You call a coworker and leave him a message that you are departing now, at 8:15, but you have a couple of necessary errands to do on the way to work and probably will not be in until 9:30. Then you relax. You take the dog on her brief morning walk, pack her and your gear into the car, and drive off. 

The first stop is the post office, where you buy 40 postcard stamps and put them on the last of the open house invitations that you’re mailing. This process pleases you: seeing once more the names of people you hope will come to your new home, and the invitation itself, which was designed by a friend, again a sample of the wit of your world, with photos that show you and the dog, the car and the house, everything you have, really, all of which fits onto one postcard. 

Next you go to the dry cleaner and discuss with the proprietor the black silk man’s robe, lined in midnight blue, that you want to donate to your church for its silent auction, which is tomorrow. You had meant to take care of this business earlier, but in moving two months ago you lost track of the robe, and before moving, you had not been able to give away the robe. You had given it to your husband for Christmas one year, and he wore it at dawn each day when he meditated.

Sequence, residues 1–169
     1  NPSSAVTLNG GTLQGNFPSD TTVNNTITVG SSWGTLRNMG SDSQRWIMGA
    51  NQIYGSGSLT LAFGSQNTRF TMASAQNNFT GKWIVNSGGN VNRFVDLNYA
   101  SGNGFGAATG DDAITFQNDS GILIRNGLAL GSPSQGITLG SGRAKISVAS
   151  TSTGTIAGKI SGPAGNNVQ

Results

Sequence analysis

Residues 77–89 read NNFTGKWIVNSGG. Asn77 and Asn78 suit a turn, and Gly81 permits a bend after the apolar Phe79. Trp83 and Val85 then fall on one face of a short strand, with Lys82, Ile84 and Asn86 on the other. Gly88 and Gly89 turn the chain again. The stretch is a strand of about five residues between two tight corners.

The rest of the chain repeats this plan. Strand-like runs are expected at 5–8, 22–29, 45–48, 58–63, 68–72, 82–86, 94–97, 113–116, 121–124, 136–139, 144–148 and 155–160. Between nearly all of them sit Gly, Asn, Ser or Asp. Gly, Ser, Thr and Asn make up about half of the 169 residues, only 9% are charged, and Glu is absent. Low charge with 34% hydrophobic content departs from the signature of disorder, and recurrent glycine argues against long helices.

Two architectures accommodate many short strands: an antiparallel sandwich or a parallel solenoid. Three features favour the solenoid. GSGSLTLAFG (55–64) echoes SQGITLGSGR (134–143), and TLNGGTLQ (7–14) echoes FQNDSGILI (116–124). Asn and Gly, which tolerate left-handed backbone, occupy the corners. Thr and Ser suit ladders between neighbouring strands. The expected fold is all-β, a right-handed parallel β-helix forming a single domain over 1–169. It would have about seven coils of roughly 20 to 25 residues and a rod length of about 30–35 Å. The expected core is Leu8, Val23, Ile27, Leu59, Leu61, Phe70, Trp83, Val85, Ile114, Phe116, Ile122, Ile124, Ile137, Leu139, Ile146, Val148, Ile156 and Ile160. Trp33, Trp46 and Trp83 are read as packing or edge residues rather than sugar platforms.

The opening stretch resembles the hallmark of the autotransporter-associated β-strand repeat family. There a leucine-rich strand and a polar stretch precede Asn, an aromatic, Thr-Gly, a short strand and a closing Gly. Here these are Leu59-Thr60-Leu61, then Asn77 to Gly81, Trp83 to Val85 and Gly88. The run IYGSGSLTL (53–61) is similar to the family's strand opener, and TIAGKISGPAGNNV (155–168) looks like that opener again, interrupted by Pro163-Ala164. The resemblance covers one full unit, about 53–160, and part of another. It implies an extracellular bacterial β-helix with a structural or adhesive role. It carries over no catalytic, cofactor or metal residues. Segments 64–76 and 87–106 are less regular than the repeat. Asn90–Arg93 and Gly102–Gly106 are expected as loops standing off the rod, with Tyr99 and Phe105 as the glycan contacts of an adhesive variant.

In your previous home, the one you and your husband had shared, the robe hung in a storage bag with a few other items of his clothing—the London Fog burnt-orange jacket that he wore when he went off to college in 1964, a wool pullover he bought in Mexico in 1992, another jacket he’d been awarded in 1987 for winning a footrace—clothing you had no use for but which you simply weren’t ready to give away. After you moved, you decided that you didn’t need to keep the robe anymore, that it would be perfect for the silent auction, displayed dramatically on a horizontal bar hung on the wall. 

Now the dry cleaner is concerned because the collar is frayed, and after a brief discussion the decision is just to press the robe. You promise to pick it up this evening or first thing tomorrow morning and you make a mental note to call the organizer of the silent auction when you get to work and tell her that this donation is in process.